Sunday, May 26, 2013


Not every Quantum hero is from the good old US of A.  Some of them are from the other side of the Pond.  Great Britain is the home, for example, of the most mysterious of heroes, Hero X.  In time the British government will put together its own team of costumed super-champions, whom the media will dub "Her Majesty's Heroes".  They will officially be called the Battle Line, and they will rightly be considered every bit as powerful as the Wonders, the American team that will include the World Champion, Draco Rex, the Satellite, and the Bearcat.  We'll meet Hero X and all of the Battle Line as we go along.  For the moment, however, we direct our attention to another battling Brit.

Physics student Eric Quill, a native of Woking, outside of London, is called THE POINT.  He is my own personal take on the archetype of the "shrinking hero".  The Point has the power to reduce his volume--i.e. shrink in size--until he is about as big as a .38-calibre bullet.  The analogy to a bullet is especially apt since when he reaches that size, the tendency of electrons to repel each other does something equally remarkable.  It sets up a powerful energy flux in his body that the Point can utilize to make himself shoot through the air like a projectile.  His mass remains the same and the energy flux gives him an invulnerability power as a side effect, which enables young Eric to punch his way through walls, doors, ceilings, objects, and--in the most potentially dangerous effect of his power--other people.  This, as you can imagine, is why when Eric's xenosome-given power manifests, he isn't eager to share the news.  In fact he spends a great deal of time by himself, practicing his powers until he is absolutely sure he can use them safely without the risk of "bulleting" himself through innocent persons!  When he first acquires his powers, his isolation probably costs him a girlfriend (he's another of the straight ones), but it's necessary.

I imagine us first encountering the Point in an Environauts story in which the Nauts travel to England to investigate a strange cosmic phenomenon and wind up battling native English arch-villain Graeme Grimstead.  I see the Point being drawn into this battle and teaming up with Earth's greatest adventurers to help them against their greatest foe.  I also see Eric winning a research grant from Vega Enterprises and deciding to come to California to work on whatever super-project he has in mind.  Once he's in LA he meets up with the Champ and his sidekick, the All-Star (you'll be meeting him in some future post), as well as Draco, the Satellite, and Giantess (a heroine to whom I also have not yet introduced you) in a dire super-emergency to be announced, and the lot of them decide to stay together and form a new team; this, then, is the origin of the Wonders.  The Point and Giantess become a couple in the bargain.  (And yes, there will absolutely have to be a storyline in which the Wonders meet, battle, and team up with the Battle Line; that simply must happen at some time.  It's too irresistible.)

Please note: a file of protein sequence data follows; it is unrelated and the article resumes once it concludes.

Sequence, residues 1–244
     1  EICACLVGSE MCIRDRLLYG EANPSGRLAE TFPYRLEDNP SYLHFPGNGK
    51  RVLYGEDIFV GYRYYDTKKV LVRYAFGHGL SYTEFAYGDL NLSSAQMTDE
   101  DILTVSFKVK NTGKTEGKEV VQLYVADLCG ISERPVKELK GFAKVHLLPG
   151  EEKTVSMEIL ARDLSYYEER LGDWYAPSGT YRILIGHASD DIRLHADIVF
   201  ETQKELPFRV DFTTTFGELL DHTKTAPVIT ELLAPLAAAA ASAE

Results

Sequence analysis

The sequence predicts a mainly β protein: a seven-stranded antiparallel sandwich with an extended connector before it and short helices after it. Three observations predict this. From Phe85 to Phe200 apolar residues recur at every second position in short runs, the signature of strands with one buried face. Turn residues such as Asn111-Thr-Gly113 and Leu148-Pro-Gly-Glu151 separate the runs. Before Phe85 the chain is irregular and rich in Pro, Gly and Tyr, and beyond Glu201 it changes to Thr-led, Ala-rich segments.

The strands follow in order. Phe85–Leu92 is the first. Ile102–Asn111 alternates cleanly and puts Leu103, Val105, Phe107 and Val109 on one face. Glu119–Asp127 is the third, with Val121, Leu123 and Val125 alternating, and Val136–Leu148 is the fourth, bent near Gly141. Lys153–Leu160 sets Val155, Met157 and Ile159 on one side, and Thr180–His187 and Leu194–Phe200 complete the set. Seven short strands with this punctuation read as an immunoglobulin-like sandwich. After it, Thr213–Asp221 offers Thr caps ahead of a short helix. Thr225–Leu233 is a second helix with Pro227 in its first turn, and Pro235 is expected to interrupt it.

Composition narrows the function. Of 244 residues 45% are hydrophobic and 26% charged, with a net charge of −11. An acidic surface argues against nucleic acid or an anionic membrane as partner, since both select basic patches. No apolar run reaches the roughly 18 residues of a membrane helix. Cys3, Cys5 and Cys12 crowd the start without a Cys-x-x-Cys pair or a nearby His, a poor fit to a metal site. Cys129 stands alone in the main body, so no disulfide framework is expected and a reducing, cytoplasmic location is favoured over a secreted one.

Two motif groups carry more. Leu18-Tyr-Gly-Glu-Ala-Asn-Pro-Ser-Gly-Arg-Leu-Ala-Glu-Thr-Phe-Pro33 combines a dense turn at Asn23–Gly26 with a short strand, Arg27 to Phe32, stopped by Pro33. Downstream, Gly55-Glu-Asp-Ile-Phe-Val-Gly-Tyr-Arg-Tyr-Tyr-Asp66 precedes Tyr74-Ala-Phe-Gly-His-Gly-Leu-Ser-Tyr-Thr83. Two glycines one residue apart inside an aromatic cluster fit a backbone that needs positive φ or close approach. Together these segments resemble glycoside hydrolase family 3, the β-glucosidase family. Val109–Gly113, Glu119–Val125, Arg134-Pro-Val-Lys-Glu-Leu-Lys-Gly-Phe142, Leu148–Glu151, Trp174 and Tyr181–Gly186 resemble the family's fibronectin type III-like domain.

As for Eric's background:  As noted above, our young lad grows up in Woking, England, which happens to be one of the initial settings of one of my favorite stories, The War of the Worlds by H.G. Wells, and which happens to have a statue of a Martian tripod commemorating that classic novel.  Eric, as a little boy, is captivated by the statue and becomes a huge Wells fan.  Learning that some of the things in Wells's stories have gone from science fiction to science fact (laser weapons, tank warfare, nuclear fission, atomic weapons, and at least the theories of time travel) spurs him towards science as a profession.  Otherwise I thought it would be intriguing to make Eric a "regular, everyday guy"--not someone common, classless, unrefined, and uncultured, but rather someone who, except for his chosen life's work and the "super" life for which destiny chooses him, would be just a regular bloke who likes to watch football and have a pint at the pub.  He'd be a character who would participate in super-hero life while standing a bit "outside" of it and reflecting and remarking on it from the perspective of someone closer to the average man.  The inspiration for the idea actually comes from a song--the British pop hit "Our House" by Madness.  It describes an English family and home life that are perfectly ordinary in every respect, but very special to the parents and children who belong to it.  Eric is one particular line in the song:  "Brother's got a date to keep; he can't hang around"--just a regular, middle-class young Englishman who lucks into a life that's far more than "regular".  And that is the point of The Point.

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